by Ben Wright
After 8 years of persistent improvement, the California unemployment rate began to drift upward in January 2019. A rising unemployment rate typically indicates that business conditions are deteriorating and companies are slashing jobs, and once the unemployment rate begins to rise, the economy often falls into recession within a year.
So is the California labor market indicating that a recession is imminent? Will mass layoffs begin sometime in 2019 or 2020? Not necessarily. The unemployment rate is now increasing because there are abundant opportunities to find a job, wages are rising, and people who had given up on finding a job are now returning to the workforce.
Recruiting Remains Extraordinarily Difficult
Even though the unemployment rate is rising, the job market is still excessively tight, and hiring managers are having problems finding qualified workers. Throughout California there are only 1.3 unemployed residents for every job opening, and in some regions there are more openings than people available to fill them.
In such a scenario, companies typically recruit from other cities and increase wages to poach employees from other firms. Both of these strategies are now being deployed, in varying degrees of intensity, across the major regions of California.
Statewide, the median wage increased by 3.5 percent in 2018, and increased much more quickly in some job categories.
In particular, wages are rising at above-average rates for jobs that do not require a college degree. This includes manufacturing, transportation, maintenance, and some healthcare jobs like home health aids and nursing assistants. After the 2007-2009 recession, workers without college training exited the job market in large numbers, but higher wages and fiercely competitive conditions appear to be bringing them back.
Influx of New Job Seekers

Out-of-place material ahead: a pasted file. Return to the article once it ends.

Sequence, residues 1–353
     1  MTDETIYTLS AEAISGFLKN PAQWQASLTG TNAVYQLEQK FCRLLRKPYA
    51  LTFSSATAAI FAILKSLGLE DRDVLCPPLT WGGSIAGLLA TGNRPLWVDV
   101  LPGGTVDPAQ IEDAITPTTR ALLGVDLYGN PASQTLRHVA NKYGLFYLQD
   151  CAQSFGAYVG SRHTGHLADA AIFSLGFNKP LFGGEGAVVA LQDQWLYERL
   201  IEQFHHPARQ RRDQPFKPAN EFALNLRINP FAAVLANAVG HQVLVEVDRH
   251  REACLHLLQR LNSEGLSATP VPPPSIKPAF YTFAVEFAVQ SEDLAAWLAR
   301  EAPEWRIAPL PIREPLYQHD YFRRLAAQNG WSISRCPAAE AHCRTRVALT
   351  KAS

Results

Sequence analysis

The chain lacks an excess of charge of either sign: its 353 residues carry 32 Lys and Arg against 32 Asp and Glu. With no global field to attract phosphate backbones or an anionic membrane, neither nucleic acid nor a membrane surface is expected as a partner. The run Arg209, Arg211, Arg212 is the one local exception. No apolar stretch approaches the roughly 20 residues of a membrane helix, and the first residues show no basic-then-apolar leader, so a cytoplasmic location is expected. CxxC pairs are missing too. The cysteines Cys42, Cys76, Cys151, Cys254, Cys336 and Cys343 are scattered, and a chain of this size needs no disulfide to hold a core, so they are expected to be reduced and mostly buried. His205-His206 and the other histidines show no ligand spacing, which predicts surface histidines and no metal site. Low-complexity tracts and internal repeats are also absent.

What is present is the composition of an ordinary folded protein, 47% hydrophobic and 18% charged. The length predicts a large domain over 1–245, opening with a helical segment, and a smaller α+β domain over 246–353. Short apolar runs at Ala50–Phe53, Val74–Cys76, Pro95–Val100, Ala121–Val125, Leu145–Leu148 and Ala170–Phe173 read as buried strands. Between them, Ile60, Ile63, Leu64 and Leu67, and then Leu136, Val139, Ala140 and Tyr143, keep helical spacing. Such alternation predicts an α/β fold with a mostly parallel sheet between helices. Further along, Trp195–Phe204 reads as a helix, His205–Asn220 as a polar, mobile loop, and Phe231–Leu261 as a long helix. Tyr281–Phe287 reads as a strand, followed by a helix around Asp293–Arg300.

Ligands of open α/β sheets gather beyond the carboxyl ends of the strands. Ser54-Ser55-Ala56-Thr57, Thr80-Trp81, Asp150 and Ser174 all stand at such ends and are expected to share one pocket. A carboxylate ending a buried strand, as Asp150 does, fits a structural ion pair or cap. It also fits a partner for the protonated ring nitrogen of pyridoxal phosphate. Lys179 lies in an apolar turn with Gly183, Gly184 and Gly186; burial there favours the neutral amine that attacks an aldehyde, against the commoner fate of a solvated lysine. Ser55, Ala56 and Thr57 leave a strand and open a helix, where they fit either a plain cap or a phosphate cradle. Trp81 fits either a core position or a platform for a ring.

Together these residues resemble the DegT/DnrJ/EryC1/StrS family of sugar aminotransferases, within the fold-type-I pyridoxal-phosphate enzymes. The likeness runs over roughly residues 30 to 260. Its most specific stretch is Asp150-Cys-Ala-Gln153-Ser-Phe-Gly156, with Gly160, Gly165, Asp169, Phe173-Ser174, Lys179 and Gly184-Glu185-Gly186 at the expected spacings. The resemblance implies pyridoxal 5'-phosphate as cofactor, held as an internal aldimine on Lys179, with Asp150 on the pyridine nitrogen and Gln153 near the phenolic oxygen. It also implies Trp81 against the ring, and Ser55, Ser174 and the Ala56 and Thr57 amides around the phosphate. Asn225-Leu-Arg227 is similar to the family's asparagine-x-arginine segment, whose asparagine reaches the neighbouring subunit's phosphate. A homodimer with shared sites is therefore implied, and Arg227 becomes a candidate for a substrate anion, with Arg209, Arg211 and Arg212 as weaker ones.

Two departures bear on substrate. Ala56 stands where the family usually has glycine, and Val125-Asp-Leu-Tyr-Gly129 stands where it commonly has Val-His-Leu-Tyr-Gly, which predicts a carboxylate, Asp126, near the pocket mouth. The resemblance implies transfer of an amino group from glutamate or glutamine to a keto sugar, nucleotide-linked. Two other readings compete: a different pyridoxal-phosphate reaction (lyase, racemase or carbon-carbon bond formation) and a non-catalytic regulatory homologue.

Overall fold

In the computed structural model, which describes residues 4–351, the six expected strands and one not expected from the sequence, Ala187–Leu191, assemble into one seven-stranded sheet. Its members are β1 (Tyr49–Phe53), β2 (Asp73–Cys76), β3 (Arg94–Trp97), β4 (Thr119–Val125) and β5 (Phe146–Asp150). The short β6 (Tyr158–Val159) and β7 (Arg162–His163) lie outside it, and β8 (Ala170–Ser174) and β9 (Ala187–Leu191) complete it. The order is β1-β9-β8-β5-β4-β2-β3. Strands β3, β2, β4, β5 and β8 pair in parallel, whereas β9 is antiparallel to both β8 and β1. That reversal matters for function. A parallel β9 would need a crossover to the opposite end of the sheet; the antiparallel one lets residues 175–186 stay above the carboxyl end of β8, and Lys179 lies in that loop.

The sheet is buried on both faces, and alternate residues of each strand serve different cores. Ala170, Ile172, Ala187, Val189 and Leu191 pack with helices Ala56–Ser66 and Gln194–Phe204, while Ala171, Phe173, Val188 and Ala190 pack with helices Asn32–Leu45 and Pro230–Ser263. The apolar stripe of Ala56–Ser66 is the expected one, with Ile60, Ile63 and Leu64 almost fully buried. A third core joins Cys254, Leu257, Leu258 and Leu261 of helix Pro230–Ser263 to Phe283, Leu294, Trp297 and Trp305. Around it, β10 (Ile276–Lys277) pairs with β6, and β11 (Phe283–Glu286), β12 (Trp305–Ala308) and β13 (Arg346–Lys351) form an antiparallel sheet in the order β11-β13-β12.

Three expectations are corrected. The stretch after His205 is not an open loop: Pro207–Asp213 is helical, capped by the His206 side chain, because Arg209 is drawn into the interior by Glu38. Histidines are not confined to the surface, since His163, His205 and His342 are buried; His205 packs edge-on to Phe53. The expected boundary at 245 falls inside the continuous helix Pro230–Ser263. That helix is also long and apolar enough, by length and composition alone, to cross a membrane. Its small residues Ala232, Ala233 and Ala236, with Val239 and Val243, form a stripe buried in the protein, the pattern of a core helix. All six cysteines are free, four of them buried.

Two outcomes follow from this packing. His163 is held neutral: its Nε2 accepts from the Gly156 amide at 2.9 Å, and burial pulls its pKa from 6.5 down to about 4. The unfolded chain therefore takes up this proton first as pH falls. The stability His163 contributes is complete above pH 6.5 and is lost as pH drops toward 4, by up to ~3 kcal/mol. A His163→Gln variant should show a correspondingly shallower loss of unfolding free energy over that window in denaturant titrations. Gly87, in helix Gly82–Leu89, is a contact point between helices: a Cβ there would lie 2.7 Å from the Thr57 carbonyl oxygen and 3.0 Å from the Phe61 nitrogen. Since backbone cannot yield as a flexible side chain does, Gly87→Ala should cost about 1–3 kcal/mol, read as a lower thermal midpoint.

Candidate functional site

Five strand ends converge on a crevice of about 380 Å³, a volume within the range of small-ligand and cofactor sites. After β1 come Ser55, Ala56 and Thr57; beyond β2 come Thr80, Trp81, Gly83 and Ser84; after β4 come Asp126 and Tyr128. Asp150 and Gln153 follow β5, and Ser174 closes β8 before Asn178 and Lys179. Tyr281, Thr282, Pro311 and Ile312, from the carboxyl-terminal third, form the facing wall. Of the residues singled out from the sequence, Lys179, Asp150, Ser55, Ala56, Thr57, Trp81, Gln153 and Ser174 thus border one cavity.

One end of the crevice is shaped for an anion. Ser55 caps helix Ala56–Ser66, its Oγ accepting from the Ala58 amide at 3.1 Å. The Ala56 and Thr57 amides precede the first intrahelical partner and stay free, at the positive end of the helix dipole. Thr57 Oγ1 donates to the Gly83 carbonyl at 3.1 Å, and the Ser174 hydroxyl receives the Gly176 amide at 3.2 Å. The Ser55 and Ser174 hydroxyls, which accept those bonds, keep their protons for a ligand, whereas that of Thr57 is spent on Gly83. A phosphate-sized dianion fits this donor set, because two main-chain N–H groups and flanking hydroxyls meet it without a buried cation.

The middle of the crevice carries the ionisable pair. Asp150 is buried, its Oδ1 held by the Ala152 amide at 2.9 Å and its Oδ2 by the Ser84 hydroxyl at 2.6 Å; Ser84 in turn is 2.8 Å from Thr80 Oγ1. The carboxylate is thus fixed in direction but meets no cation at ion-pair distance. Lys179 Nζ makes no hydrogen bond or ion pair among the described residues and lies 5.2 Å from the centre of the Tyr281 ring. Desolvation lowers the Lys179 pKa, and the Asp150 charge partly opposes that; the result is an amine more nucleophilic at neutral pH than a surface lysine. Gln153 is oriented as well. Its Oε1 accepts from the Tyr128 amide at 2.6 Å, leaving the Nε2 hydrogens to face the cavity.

The California labor force (the number of people either working or looking for work) is expanding at the fastest rate since 2007. So far in 2019, the state is on pace to get 272,000 new job seekers, and because the job market may not be able to absorb them all, the unemployment rate will probably continue to move higher.
This is particularly true in the Bay Area, where the number of job seekers is expanding twice as fast as the rest of the state. And as a result, the unemployment rate is rising more quickly as well.
None of this rules out the possibility of a recession. When the unemployment rate gets too low and hiring becomes a challenge, it is difficult for companies to grow and for the economy to expand, meaning that a routine shock, like a stock market decline or government policy error, can more easily knock the economy off course. But in California, the labor market is signaling that times are still good, at least for now.
The California Economic Forecast is an economic consulting firm that produces commentary and analysis on the U.S. and California economies. The firm specializes in economic forecasts and economic impact studies, and is available to make timely, compelling, informative and entertaining economic presentations to large or small groups.